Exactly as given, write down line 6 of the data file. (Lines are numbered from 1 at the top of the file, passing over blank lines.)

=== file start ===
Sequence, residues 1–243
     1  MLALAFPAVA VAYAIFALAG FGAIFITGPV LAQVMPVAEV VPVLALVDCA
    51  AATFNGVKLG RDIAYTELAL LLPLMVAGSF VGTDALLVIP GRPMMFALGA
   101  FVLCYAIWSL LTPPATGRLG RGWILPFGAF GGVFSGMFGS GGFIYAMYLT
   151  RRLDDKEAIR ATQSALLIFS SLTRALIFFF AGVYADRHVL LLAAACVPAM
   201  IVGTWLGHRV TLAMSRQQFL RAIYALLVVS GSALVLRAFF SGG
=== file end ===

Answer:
   201  IVGTWLGHRV TLAMSRQQFL RAIYALLVVS GSALVLRAFF SGG